BLOCK: Well, I don't believe that I objected to that specifically and I'm certainly not (garbled due to overtalking)

O'REILLY (interrupts, overtalks him): No. No. No. But in a general way, you said that we should embrace people that behave in a certain irresponsible manner and I'm sayin' nobody would do that.

BLOCK: What I wrote about is a public relations department that, yes, gets hundreds of calls and, compared to other news organizations and other corporate organizations I've dealt with, is much more demanding, much tougher. PR people, typically, are a bunch of pussy cats. They're there to help you, to be a resource.

O'REILLY (overtalks): OK. That's fair enough. Fair enough.

BLOCK (keeps speaking): This is not the way it works at FOX News.

O'REILLY: But the guys that we hire here have to be that way. You understand that. Has there ever, Mr. Block - look, you've been around a long time, I've been reading you for years.

BLOCK: Good.

O'REILLY: Has there ever been a network in the history of television attacked as viciously as this news channel?

BLOCK: Well, you know a lot of channels have been attacked in different ways over the years.

O'REILLY (overtalks): Mr. Block, you're dodging a very simple questions. Has there ever....

BLOCK (keeps speaking): In a political sense, FOX is an extraordinary and is a special case, no question.

O'REILLY: OK. We have been attacked more viciously than any channel in the history of American television, so you must have tough guys at the door, bouncers, if you will, because these people are blatantly dishonest. You know this smear merchant stole video from us, stole video over an eight-year period and put it out. Anybod - I could make you, Mr. Block, look like a communist, a fascist, a muslim or a mudwrestling woman, if I get eight years of video and cut and paste it. You know what I'm talkin' about here.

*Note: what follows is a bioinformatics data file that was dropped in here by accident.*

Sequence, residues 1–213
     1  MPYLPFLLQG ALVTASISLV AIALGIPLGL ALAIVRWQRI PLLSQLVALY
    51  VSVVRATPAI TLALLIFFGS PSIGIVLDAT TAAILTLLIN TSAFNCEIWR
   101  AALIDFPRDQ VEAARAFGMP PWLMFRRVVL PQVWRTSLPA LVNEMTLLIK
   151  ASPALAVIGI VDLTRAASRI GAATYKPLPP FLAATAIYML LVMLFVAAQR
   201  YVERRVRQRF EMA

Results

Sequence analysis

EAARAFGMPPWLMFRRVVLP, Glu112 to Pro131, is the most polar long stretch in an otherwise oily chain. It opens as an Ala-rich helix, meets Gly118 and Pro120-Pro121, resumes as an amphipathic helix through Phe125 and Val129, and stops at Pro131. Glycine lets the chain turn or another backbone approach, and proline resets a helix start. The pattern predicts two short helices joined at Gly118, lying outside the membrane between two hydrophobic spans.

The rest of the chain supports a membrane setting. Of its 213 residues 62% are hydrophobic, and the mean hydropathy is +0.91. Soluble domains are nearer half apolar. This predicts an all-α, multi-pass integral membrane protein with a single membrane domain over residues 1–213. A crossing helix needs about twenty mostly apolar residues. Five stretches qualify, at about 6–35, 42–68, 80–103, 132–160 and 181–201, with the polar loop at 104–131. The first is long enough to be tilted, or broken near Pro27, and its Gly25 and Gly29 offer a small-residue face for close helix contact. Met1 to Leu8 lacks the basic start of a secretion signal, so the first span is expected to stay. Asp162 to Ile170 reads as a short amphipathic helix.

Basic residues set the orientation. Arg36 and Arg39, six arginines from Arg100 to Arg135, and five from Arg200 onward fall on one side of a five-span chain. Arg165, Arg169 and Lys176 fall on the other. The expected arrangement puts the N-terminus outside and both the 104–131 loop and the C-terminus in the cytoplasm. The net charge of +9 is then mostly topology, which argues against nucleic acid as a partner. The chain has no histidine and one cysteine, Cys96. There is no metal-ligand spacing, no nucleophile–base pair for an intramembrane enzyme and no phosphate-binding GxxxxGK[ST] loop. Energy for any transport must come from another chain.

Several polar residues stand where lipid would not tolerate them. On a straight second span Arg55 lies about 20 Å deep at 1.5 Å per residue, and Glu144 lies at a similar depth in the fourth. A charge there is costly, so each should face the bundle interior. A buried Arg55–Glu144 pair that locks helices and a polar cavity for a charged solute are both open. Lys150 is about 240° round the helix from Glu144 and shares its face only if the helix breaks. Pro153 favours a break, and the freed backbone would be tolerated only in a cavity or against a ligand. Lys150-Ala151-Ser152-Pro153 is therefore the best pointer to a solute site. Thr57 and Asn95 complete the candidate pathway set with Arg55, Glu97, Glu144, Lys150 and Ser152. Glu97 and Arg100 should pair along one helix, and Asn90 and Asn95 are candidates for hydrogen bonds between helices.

BLOCK: I'm sure you could. But I'm not here to defend anybody who steals video.

O'REILLY: But that's what they do.

BLOCK: I'm here to talk about the approach that the FOX News pulbic relations department takes. For instance, if some outlet writes some outrageous thing, I don't blame you for not talking to 'em. But, let's take the example of the lead media writer for the Associated Press. This is a mild-mannered gentleman, known for his fairness over man years, and he wrote one story that FOX didn't like. They didn't talk to him for two years.

He got a new boss. The boss came to FOX and said 'Look. Let's make peace. We're the Associated Press. We're the biggest news organization in the world. Your're a news organization. Can't we work this out?' And FOX News said 'No. We can't work it out.'

O'REILLY (overtalking): Well, they don't trust the guy, obviously.

BLOCK (overtalking at the same time): What's extraordinary about this, if I may, what's extraordinary about this - I've been boycotted and blacklisted by the best in Hollywood. When I was editor of the Hollywood Reporter (theme music starts in background) companies didn't talk to us for years at a time. What's different here is - you're a news organization. This is one news organziation blacklisting another news organization!

O'REILLY: Not blacklisting.

BLOCK: It's not right.

O'REILLY: What it - if they sent over a reporter that they felt was fair, they would deal with them, because I've dealt with them. They took my picture on the top of the building. There are certain reporters they don't feel they are gonna get a fair shot on. We respect your opinion, Mr. Block, and that's why we have you on. Thanks very much.